Nov. 6th, 2017
ASSIGNMENT 2: SHORT PAPER #1: Aristotle’s Account of Pleasure
Aristotle discusses pleasure on two accounts in Nicomachean Ethics Book VII and X. Both books particularly differ over what pleasure really is; however throughout both discussions, it is agreed upon that pleasure is not a bad thing.
Aristotle claims that a happy life must include pleasure, and argues those who disagree and believe pleasure is bad by nature. He further insists that there are more than just physical and bodily pleasures, and the best pleasures are experiences on a broader scale by the good man who performs good actions. Even though there are common similarities at first glance of the definition of pleasure, there are also many meaningful differences between both accounts of pleasure, which include whether pleasure is a chief good in its relation to eudaimonia. In this paper I will critically evaluate both accounts of pleasure to indicate whether pleasure is good or bad.
In Book VII, Aristotle claims pleasure is a natural activity performed without impediments. It also goes on to clarify what pleasure is and what it is not. There are three views on the subject: 1) some people think that no pleasure is a good, either in itself or incidentally, since the good and pleasure are not the same; (2) others think that some pleasures are good but that most are bad. (3) Again there is a third view, that even if all pleasures are good, yet the best thing in the world cannot be pleasure.(Book VII, chapter 11) The reasons given for the first view are pleasures that are considered dishonorable or harmful are not pleasures at all, and that pleasure is surely an significant part of the highest good. The concept behind this view is that pleasure is not a process but an activity, which further implies that pleasure, is the highest good, because happiness is thought to be a complete and perfect activity and pleasure is considered to be an unimpeded activity. Furthermore, all humans look to pursue pleasure to find happiness. Aristotle argues with the second and third view by clarifying that most people only understand the bodily pleasures which arise from satisfying desires for food, sex, sleep, etc. Aristotle's analysis of the nature of pleasure is not meant to apply to every case in which something seems pleasant to someone, but only to activities that really are pleasures. All of these are unimpeded activities of a natural state.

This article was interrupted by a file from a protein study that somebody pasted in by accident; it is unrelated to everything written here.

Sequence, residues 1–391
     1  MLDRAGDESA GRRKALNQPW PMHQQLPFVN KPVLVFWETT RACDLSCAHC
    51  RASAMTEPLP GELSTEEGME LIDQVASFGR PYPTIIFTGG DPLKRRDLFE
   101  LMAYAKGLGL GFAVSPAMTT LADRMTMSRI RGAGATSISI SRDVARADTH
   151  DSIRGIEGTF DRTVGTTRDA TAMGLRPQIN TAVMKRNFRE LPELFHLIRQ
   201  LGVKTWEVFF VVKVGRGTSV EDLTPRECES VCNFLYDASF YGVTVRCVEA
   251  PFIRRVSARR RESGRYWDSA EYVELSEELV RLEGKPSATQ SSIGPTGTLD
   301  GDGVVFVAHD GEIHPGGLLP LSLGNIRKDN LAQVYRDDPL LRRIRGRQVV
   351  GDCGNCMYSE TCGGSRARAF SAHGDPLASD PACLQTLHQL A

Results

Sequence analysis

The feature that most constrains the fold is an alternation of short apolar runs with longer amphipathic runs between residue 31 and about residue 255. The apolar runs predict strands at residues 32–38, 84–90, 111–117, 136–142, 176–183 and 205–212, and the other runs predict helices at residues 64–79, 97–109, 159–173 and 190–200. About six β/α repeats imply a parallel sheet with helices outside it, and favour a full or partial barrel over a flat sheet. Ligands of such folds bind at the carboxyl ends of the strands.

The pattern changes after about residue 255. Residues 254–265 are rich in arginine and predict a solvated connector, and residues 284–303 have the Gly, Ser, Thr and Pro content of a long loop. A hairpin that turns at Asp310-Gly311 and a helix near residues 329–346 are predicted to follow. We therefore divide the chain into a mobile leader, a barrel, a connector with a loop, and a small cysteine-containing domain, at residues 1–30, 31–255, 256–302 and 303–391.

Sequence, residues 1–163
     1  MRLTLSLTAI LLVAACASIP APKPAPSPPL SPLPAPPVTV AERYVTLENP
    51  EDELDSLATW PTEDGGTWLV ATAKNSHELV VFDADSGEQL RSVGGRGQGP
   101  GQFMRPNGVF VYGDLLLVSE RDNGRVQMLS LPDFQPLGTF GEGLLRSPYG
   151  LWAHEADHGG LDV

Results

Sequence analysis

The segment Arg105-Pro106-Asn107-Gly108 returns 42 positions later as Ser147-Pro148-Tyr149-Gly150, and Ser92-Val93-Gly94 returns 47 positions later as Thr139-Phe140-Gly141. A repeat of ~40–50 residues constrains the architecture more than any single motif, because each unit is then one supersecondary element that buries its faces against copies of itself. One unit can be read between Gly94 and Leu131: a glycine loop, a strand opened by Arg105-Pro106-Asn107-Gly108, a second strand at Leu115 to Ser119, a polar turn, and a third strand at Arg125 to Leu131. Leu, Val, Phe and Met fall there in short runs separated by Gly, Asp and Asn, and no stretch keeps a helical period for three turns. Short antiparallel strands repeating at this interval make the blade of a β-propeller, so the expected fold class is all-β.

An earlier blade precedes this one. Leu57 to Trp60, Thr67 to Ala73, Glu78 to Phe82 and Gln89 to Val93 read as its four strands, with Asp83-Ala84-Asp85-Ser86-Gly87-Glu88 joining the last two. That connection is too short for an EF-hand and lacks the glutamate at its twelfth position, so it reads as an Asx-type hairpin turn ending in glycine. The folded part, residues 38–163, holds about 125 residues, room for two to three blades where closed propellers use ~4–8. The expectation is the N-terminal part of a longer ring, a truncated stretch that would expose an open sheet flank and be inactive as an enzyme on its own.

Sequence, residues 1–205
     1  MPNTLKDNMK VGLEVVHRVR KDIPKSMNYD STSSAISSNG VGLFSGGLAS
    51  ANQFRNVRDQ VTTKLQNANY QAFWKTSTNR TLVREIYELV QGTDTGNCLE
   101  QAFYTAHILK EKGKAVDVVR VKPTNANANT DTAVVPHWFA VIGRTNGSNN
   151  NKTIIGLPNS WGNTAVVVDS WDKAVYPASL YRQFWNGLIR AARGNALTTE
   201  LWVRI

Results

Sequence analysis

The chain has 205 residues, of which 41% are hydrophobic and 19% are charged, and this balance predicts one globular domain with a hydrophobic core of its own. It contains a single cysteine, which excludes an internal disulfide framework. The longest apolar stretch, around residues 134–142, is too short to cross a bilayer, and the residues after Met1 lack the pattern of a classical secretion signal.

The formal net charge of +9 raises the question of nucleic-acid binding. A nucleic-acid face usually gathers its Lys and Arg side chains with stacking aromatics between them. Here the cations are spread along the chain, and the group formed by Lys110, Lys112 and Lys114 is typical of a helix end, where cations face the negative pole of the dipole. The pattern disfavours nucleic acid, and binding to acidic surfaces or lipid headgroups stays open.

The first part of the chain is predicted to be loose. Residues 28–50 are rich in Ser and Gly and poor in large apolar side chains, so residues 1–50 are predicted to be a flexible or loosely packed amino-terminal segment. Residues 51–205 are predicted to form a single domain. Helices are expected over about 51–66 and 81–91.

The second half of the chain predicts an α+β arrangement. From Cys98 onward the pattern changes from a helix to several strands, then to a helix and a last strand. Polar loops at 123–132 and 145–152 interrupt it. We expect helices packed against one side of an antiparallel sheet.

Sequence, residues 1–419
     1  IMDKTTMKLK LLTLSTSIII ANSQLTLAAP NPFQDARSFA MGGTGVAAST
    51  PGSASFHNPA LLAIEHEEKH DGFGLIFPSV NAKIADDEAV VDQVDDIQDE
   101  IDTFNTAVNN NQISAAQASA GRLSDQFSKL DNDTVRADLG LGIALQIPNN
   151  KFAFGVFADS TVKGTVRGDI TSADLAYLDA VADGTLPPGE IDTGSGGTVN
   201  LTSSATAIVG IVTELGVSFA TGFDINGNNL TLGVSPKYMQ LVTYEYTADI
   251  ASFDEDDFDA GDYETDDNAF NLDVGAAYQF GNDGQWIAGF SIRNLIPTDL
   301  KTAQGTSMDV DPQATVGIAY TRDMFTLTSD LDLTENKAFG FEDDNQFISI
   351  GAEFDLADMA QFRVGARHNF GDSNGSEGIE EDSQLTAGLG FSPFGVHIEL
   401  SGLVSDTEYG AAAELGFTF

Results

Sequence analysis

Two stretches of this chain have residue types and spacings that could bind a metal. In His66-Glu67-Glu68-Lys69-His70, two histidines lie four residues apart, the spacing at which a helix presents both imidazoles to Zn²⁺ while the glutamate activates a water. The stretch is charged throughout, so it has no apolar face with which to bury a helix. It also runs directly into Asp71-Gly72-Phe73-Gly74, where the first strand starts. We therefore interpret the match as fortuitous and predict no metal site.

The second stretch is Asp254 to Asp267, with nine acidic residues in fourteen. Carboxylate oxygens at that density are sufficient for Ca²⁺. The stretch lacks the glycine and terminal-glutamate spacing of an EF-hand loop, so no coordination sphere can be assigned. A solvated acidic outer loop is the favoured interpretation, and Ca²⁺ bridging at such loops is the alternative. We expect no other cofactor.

By reading book VII discussions it is clear to understand that pleasure is not an absolute bad if the intentions and activity are beneficial to the individual and society, but can be if the actions are considered harmful. Pleasure can both be apart of bodily activities and process of mind. It is not always good to seek pleasures because it may make something bad seem good for a moment, but we can also say this is good because some pleasures may attract human to a good life if they pursue...